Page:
Gambian pouched rat


Kingdom: Animalia
Phylum: Chordata
Subphylum: Vertebrata
Class: Mammalia
Order: Rodentia
Suborder: Myomorpha
Family: Nesomyidae
Subfamily: Cricetomyinae
Genus: Cricetomys
Species: Cricetomys gambianus

Geographic Range

Gambian rats are found in central Africa, in regions south of the Sahara desert as far south as Zululand. This includes countries such as Nigeria among others.


Gambian rats inhabit a variety of habitats ranging from arid areas to temperate areas, but need some form of shelter to survive. Therefore, they are not usually found in completely open areas, but in areas with cover from hollow trees, rock outcroppings, or burrows made by other animals. They are occasionally known to venture into urban areas and can become pest animals.

Physical Description

Mass: 1 to 1.47 kg (2.2 to 3.23 lbs)
Length: 645 to 910 mm (25.39 to 35.83 in)
Basal Metabolic Rate: 71 cm^3 oxygen/hour (average)

Gambian pouched rats are one of the world’s largest rats. Besides their large size, the most characteristic trait of Gambian pouched rats is the tail which is long, unscaled, and dark in color at the base with the terminal 40-60% white. The fur on the upper body is coarse and gray and often darker down the middle of the back. The fur color grades to a lighter gray on the flanks while the fur on the belly and the top of the feet is white or off-white. Dark brown or black patches of fur occur around the eyes and at the base of the whiskers. The naked rounded ear is large and the eyes are small, suggesting that the senses of smell and hearing which are acute may be more important than sight in this nocturnal. The hind feet are large and considered to be well adapted for digging Gambian pouched rats possess a pair of large cheek pouches. These pouches can expand to a great size, allowing Gambian rats to transport massive quantities of food if necessary. Two species are currently recognized: Cricetomys gambianus, the Gambian pouched rat, and C. emini, Emins giant pouched rat. The Emins is more slender and muscular in appearance with a longer face to the Gambian. Other differences are in the fur texture and colour. The Emins upper body is smooth and the colour ranging from a dark brown to almost black with a distinct line break to the white underside. Some key physical features: endothermic; homoiothermic; bilateral symmetry Sexual dimorphism: sexes alike.



Breeding interval: Gambian rats breed seasonally
Breeding season: Breeding usually occurs in the summer
Number of offspring: 1 to 6
Gestation period: 30 to 32 days
Birth Mass: 25.70 g (average) (0.9 oz)
Time to weaning: 28 days (average)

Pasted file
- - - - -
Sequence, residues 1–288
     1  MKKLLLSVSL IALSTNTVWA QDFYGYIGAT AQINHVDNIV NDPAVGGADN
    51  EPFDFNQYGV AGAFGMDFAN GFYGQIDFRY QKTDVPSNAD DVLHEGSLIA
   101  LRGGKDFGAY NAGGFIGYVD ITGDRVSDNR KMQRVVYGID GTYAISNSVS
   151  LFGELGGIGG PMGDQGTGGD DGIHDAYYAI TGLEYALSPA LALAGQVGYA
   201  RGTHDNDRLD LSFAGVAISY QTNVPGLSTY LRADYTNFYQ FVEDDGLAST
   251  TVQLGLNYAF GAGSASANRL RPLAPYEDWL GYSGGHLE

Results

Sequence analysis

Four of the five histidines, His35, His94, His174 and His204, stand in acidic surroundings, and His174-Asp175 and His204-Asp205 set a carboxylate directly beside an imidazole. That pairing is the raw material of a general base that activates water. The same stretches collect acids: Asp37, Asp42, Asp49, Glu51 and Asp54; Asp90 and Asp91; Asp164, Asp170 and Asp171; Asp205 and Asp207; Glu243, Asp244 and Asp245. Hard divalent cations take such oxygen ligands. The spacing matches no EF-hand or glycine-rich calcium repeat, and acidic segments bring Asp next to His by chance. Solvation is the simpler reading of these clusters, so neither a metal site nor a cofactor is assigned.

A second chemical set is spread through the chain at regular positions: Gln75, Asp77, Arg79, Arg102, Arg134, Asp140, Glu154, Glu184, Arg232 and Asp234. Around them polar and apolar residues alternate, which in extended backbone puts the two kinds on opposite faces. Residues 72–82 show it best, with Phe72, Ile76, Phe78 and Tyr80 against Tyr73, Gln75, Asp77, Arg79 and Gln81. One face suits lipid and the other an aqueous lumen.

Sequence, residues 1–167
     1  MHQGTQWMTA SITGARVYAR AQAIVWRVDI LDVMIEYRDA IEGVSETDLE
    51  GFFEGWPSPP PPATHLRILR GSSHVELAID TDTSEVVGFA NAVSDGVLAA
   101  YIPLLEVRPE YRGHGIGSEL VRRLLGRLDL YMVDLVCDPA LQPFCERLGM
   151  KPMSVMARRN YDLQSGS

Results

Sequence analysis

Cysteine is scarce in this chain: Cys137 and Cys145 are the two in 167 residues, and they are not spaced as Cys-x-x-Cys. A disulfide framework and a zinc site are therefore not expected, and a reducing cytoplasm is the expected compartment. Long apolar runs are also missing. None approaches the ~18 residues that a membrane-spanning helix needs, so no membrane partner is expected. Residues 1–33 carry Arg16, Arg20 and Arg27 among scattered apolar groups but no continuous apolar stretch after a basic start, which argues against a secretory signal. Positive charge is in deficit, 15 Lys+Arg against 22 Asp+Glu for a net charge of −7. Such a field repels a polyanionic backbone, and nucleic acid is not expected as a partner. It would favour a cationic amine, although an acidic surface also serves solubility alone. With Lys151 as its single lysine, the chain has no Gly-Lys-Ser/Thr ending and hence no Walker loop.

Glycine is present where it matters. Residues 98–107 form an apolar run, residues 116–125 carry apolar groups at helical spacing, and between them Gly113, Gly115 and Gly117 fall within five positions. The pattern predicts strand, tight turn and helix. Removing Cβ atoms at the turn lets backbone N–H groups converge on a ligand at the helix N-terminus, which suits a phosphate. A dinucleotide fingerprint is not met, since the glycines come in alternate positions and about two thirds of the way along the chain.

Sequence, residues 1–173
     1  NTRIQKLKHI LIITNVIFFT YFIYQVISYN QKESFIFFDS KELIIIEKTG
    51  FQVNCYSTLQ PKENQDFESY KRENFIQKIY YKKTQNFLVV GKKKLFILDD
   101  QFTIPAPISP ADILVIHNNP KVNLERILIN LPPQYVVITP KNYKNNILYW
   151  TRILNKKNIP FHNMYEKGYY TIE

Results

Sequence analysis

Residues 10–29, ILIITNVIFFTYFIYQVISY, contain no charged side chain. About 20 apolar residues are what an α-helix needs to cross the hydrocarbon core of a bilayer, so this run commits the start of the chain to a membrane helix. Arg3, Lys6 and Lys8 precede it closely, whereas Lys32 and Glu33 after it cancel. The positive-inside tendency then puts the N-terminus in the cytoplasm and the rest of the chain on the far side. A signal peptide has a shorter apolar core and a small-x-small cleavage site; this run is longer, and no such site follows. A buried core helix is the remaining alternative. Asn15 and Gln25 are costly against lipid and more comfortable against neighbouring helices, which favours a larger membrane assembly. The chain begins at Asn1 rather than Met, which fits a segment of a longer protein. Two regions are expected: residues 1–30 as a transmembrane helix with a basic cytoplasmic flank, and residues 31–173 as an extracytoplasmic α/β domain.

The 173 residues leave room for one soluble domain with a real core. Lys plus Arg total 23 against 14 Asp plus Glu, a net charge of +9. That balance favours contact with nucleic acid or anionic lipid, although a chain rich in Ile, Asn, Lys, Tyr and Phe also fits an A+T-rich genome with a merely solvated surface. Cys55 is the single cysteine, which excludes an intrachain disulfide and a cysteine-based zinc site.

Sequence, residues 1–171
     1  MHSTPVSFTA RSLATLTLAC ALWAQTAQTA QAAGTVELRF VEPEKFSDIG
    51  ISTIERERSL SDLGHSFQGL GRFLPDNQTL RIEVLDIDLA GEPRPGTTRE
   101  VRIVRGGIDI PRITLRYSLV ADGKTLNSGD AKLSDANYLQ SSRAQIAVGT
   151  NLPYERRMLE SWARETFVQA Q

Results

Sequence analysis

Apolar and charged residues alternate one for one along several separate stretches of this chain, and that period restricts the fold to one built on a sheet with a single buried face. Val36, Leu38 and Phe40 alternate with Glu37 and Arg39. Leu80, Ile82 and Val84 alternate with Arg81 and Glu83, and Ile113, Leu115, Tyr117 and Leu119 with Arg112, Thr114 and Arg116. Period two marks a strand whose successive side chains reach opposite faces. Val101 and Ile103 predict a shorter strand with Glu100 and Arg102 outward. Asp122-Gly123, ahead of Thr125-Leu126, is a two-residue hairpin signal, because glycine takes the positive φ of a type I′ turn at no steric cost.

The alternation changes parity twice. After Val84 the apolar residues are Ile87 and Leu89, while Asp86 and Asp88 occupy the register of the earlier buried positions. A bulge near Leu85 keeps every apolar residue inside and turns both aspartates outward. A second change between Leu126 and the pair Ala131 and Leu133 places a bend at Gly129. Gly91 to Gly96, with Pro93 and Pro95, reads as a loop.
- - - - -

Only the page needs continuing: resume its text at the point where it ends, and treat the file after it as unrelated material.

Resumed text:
Time to independence: 30 days (average)
Age at sexual maturity (female): 6 months (average)

Mating in Gambian rats involves the formation of a social pair-bond between one male and one female. The male usually sniffs or licks the urogenital areas of the female before attempting to mount the female. Gambian rats also display peculiar courtship behaviors. The male and female often stand upright and scratch one another, then chase each other until the female is ready for copulation. If the female is not receptive or rejects the male, she bites the male on the tail and back among other areas before courtship behaviors begin.

Gambian rats are seasonal breeders, usually breeding in the summer. The estrous cycle lasts between 3 and 15 days, while the length of estrus ranges from about 1.4 to 7.8 days. Interestingly, the estrous cycle is often irregular and seems dependent upon many external factors, the environment being one. Other factors include the presence of males, and captivity. Females reach sexual maturity at about 6 months and will typically have about 9 litters annually. The gestation period is approximately 30 to 32 days. Females are also very aggressive when giving birth to a litter.

Key reproductive features:iteroparous; seasonal breeding; gonochoric/gonochoristic/dioecious (sexes separate); sexual; viviparous.

Gambian rat young are born hairless, with eyes and ears closed. The characteristic long tail does not show substantial growth until about 30 to 35 days. The eyes do not open until about 21 days into development, although the young are completely covered with fur and have open ears at about 14 days. The female provides the most parental care, both as a source of warmth for the naked young and as a source of milk. The female also changes her food preference before the young are weaned, choosing softer foods. The male, on the other hand, shows almost no care to the young. It shows tolerance at best, and will sometimes kill it’s young and eat them. This is not seen as often in females. An interesting form of altruism exists amongst females, where a female with a separate litter may take care of a motherless litter.

Parental investment:altricial; pre-fertilization (protecting: female); pre-hatching/birth (protecting: female); pre-weaning/fledging (provisioning: female, protecting: female); pre-independence (provisioning: female, protecting: female).


Typical lifespan (captivity)